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Add Creative Writing to Your Lesson Plans: Five Engaging Strategies

By Monica Fuglei 5 Ways to Add Creative Writing to Lesson Plans

Working creative writing into the classroom curriculum can be difficult, but it is incredibly worthwhile and can give students new ways of seeing academics and the world in general. Consider dedicating some classroom time to these quick and easy creative writing projects.

Creative writing project #1: Found poetry

Found poetry is an empowering process that breaks out of stodgy assumptions about the poetry tradition. Help students play hide and seek with poems using a blackout technique recently popularized by poet Austin Kleon.

Students pick out words and phrases on a page and combine them to create a poem. Teachers can do the lo-fi version of this project by distributing photocopied pages of a textbook, novel or newspaper and having students black out all the text except the words they choose.

The New York Times also has an online blackout poetry program students can use as a tool for creating found poems. They can then share the poems on the New York Times site if they wish.

Students can use other tools to create found poetry as well — for example, by doing a hashtag search on Twitter, Pinterest or Instagram. Since the options for this project are limitless, use your imagination to apply it to any subject or topic.

Creative writing project #2: Story chain

This in-class writing can take a bit of time, but it’s worth it and a lot of fun. Have students ready their brains and then give them a prompt. This prompt can be something as simple as “It was a dark and stormy night,” or a series of nouns and verbs they need to try to work into a sentence.

Have students write their name on a piece of paper and begin a story based on the prompt you have given them. Give them one minute to write, they call “time” and have students pass their paper to another classmate. Give students one minute to write an addition to the text they’ve received.

Once each story has been in the hands of every student, pass the story back to the original idea-holder. As homework, you can assign authors to revise their story chains and create a coherent short story from the assignment. If you are teaching in a computer lab, you can make this “musical story-chairs” and have students swap after musical interludes of differing lengths.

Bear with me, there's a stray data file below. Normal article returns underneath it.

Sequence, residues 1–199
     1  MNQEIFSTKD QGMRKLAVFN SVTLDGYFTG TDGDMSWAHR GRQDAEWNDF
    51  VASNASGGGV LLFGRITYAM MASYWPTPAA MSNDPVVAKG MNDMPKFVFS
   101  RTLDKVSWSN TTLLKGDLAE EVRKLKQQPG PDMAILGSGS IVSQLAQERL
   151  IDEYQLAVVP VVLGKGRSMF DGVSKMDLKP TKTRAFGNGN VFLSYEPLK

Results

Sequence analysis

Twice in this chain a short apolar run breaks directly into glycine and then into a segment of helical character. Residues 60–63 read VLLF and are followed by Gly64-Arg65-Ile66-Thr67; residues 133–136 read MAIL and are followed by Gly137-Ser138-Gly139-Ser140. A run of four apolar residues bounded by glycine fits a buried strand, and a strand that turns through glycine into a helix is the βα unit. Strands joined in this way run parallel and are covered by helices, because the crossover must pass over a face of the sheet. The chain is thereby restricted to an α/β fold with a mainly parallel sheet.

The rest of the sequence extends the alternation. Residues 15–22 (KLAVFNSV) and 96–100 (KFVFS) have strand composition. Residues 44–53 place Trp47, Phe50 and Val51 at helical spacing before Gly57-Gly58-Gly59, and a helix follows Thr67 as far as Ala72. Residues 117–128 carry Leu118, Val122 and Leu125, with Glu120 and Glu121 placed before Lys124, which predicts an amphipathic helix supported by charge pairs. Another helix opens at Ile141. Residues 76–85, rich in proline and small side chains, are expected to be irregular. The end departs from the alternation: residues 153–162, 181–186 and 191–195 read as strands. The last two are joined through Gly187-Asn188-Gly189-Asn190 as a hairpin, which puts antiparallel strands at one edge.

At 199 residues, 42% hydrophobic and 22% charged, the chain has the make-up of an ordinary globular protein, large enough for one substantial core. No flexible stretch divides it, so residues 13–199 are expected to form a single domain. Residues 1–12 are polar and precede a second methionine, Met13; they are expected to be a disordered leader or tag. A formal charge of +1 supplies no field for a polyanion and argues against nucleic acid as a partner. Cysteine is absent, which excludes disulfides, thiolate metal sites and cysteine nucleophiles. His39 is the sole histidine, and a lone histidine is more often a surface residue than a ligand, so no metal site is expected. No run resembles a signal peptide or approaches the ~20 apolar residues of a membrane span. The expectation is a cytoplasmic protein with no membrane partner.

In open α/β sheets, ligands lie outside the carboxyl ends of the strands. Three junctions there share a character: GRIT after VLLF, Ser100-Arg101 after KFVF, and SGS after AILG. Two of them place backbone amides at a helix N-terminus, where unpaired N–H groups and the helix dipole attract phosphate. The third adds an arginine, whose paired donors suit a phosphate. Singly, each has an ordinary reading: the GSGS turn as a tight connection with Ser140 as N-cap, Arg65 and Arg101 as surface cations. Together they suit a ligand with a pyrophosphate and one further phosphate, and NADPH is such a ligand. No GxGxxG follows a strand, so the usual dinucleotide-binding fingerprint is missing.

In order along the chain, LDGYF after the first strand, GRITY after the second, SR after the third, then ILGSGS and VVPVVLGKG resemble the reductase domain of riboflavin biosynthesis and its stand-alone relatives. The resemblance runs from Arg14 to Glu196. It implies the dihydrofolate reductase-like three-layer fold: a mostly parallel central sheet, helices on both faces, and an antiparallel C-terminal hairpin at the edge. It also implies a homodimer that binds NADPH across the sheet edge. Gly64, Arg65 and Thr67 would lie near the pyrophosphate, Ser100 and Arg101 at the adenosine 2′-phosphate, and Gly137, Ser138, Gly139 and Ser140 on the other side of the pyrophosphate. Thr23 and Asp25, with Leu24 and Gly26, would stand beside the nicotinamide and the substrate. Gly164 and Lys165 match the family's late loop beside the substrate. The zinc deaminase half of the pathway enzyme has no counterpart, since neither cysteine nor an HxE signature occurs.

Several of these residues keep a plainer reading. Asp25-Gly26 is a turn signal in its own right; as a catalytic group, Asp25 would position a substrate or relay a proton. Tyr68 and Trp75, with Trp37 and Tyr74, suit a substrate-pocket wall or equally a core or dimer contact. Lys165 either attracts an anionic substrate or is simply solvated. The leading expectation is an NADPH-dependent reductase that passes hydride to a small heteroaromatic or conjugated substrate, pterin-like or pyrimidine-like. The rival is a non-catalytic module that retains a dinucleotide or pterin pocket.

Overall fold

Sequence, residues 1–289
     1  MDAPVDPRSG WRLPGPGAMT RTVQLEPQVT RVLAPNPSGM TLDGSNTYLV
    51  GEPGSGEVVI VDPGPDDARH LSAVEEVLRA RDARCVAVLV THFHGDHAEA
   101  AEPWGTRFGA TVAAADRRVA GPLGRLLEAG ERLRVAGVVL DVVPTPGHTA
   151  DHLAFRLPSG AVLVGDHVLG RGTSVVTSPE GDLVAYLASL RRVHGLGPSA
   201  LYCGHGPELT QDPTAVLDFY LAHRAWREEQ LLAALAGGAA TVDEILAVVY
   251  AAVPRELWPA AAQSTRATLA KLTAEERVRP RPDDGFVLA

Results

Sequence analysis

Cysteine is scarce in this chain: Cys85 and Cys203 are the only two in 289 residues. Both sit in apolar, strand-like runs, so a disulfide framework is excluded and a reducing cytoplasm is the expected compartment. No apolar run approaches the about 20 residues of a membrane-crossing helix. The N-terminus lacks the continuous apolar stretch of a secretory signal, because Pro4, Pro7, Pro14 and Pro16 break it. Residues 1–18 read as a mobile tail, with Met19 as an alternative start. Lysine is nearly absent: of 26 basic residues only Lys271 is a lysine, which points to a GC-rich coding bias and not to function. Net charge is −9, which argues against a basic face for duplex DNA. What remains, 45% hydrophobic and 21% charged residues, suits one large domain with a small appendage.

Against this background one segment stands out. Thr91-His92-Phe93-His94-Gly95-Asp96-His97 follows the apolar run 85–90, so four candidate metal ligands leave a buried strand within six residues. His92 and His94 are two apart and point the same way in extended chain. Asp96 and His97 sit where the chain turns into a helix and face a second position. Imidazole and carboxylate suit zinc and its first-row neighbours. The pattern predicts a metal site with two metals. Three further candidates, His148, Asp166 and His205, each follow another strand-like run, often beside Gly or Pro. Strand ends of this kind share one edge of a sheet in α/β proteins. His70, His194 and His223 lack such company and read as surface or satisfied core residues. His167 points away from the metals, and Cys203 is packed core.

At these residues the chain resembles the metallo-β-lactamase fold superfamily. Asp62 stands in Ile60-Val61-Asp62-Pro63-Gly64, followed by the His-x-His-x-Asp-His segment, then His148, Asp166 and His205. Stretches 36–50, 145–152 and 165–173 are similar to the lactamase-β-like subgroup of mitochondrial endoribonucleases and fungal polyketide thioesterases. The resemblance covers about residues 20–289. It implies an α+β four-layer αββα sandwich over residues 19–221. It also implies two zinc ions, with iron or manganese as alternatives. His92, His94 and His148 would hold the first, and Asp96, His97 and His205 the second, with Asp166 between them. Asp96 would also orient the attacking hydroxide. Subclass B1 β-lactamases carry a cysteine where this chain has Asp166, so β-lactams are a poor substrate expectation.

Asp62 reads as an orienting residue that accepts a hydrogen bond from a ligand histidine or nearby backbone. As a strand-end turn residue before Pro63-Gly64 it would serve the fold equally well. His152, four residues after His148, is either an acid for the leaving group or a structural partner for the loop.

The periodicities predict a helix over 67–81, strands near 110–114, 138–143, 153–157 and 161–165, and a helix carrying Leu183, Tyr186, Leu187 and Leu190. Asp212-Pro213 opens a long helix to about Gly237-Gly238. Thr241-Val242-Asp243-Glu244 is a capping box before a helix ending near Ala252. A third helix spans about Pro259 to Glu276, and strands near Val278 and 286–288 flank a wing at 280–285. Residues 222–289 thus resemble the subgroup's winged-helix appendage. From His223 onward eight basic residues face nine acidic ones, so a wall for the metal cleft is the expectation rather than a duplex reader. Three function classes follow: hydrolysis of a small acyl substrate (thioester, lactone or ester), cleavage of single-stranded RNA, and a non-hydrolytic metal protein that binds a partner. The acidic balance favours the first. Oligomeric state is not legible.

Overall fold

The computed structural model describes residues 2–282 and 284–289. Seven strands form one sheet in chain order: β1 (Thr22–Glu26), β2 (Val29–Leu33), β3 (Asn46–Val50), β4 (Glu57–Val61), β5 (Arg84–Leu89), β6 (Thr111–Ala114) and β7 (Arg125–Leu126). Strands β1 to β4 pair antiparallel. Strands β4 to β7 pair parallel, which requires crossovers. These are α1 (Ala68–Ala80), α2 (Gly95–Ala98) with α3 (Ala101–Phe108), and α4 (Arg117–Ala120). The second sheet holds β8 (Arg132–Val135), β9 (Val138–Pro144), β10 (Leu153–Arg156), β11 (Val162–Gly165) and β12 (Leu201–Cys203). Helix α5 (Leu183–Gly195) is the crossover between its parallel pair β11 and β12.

Creative writing project #3: Copycat

Ask students to bring in their favorite piece of writing from a book, essay, or poetry. Before the writing session starts, ask each student what they love about the writer they chose. Once you’ve finished that discussion, instruct students to write for a significant amount of time as if they were that writer — or trying to be a copycat of that writer. 

Once they have finished, give them an opportunity to share their writing and discuss any challenges they may have had while doing that writing. This exercise forces students to consider the rhetorical choices and challenges of their author as well as how, exactly, the author creates a piece.

A homework assignment for this exercise should include revision that reclaims ownership of the piece. Have the student revise the piece and put their own sense of self and voice into it. This allows them to really analyze writing, both of their favorite author and of their own product.

Creative writing project #4: Chimera, Braid, or the Fly

This can be a really entertaining way to create poetry. Give students two or three inspiring blocks of writing and have them weave together lines or phrases from those pieces. This is a bit of an extension of the found poetry assignment idea, but it forces the collision of different figurative language and ideas or images that really pushes students to find new ways to say and see things.

Consider using two very different poems as well as a third element — non-fiction writing, for example, or even a brochure or website. As students work to weave these images and ideas together, they will come up with unique ways of saying things.

Give students a good amount of time to practice on this work and when their writing time is over, encourage them remove the restrictions of their assignment and revise the piece away from the sample writings so that they can find their own voice in the fray.

Creative writing project #5: Sound sense

Review a variety of different sound strategies in poems. Suggestions include:

  • Alliteration
  • Onomatopoeia
  • Rhythm
  • Assonance
  • Consonance

After discussing these techniques, listen to Lewis Carroll’s “The Jabberwocky,” then have students write their own sound-driven poem. Encourage them to replace real words with made-up words, should the need arise.

At the end of the writing time, have a brief in-class poetry reading where students are rewarded for their sound-sense with an attentive listening audience. Encourage audience involvement, engagement, and reflection in snaps, claps, or other appropriately rewarding sounds as your author reads.

 

Monica Fuglei is a graduate of the University of Nebraska in Omaha and a current adjunct faculty member of Arapahoe Community College in Colorado, where she teaches composition and creative writing.

Sources

Austin Kleon, Blacking Out, Texas Country Reporter

Searching for Poetry in Prose, New York Times

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